David's Rating
4.1

Massachusetts' 2008 Green Communities Act "requires electricity suppliers to get 15 percent of the power they sell from renewable sources by 2020." But there's a lot of opposition to changing the energy industry, and this continues legal battles that have been raging for many years.

On Tuesday, hearings begin at the Massachusetts Department of Public Utilities, which will decide whether utility National Grid’s 15-year contract to buy half the ... More »

See Full Review » (12 answers)
NT Rating: 3.7 | See All NT Reviews »
David reviewed this story - Sep 6, 2010
David's Rating
3.2

…the rise of this national-security state has entailed a vast expansion in the government’s powers that now touches every aspect of American life, even when ... More »

See Full Review » (11 answers)
NT Rating: 3.5 | See All NT Reviews »
David posted and reviewed this story - Sep 6, 2010
David posted and reviewed this story - Aug 31, 2010
David's Rating
4.0

Well explained with many sources and about an important topic (corruption), I believe this story has previously received little publicity. But there's little investigation of why the administration is delaying transparency.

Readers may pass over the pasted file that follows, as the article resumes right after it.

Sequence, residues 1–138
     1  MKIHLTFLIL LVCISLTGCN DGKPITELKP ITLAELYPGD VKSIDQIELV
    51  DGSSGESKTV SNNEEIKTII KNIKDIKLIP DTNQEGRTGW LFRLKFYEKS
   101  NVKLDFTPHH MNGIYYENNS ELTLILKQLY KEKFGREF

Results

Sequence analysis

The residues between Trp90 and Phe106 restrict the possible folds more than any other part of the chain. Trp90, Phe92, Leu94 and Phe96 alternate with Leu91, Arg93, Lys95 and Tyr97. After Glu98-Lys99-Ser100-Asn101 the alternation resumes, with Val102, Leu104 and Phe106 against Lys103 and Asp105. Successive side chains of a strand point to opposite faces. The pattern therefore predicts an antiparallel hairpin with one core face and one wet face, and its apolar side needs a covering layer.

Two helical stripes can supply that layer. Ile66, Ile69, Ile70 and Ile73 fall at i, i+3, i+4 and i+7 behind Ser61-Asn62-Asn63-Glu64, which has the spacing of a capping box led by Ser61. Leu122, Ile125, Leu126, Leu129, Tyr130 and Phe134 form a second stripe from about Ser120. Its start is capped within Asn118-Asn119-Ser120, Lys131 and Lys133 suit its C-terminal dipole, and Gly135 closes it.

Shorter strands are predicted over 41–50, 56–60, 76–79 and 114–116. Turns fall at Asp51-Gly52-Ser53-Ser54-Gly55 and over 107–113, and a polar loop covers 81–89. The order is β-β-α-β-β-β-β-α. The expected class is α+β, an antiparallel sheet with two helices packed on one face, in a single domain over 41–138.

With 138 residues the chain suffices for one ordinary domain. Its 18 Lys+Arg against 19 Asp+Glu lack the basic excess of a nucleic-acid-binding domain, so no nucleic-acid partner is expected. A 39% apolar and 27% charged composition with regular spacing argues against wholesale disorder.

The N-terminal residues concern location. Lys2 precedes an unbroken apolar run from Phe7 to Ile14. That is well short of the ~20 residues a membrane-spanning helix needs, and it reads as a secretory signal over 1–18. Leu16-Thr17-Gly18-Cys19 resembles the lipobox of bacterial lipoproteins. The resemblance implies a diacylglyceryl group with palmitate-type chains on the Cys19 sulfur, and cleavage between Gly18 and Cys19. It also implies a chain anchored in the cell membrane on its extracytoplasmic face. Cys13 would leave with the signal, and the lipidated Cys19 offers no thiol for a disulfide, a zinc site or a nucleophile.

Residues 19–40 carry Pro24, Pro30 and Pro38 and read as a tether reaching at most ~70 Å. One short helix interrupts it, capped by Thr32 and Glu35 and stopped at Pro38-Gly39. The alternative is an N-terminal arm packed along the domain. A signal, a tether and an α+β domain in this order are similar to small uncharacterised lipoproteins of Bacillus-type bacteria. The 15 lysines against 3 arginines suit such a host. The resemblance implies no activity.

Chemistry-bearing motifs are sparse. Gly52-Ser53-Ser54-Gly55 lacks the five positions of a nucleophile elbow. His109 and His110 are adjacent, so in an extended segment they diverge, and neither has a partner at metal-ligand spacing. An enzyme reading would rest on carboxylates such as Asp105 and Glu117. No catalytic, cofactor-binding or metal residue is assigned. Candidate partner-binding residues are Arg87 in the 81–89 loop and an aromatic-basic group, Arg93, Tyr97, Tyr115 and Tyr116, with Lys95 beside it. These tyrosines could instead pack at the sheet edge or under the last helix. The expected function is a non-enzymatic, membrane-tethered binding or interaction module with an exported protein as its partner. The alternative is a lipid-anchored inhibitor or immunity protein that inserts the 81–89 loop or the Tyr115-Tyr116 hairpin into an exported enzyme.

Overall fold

“Companies don’t have a Fifth Amendment right against self incrimination'’. Hooray for that, I wonder how long it will last.

Within days of Obama signing the war funding bill, industry groups began urging the administration to exclude some information they contend could be damaging. For ... More »

See Full Review » (13 answers)
NT Rating: 4.0 | See All NT Reviews »
David posted this story - Aug 31, 2010
David posted and reviewed this story - Aug 30, 2010
David reviewed this story - Aug 12, 2010
David's Rating
4.1

This presents 2 (?) years of investigation into a conspiracy by right wingers to game the Digg system. It begs the question of how prevalent such activity is, by ideologues of whatever stripe, commenting on news sites, etc.

See Full Review » (11 answers)
NT Rating: 4.0 | See All NT Reviews »
David reviewed this story - Aug 9, 2010
David's Rating
4.2

The U.S. has been marching toward this point of tearing up roads it can't afford to maintain, and cutting spending on education for a long time, but when someone like Paul Krugman points out that we're going "in reverse", people should listen. And as usual, he makes a compelling point - we can't reduce the deficit AND maintain the Bush tax cuts for the rich without abandoning essential public services - with straightforward plain speaking.

See Full Review » (10 answers)
NT Rating: 4.1 | See All NT Reviews »
David reviewed this story - Aug 9, 2010
David's Rating
4.5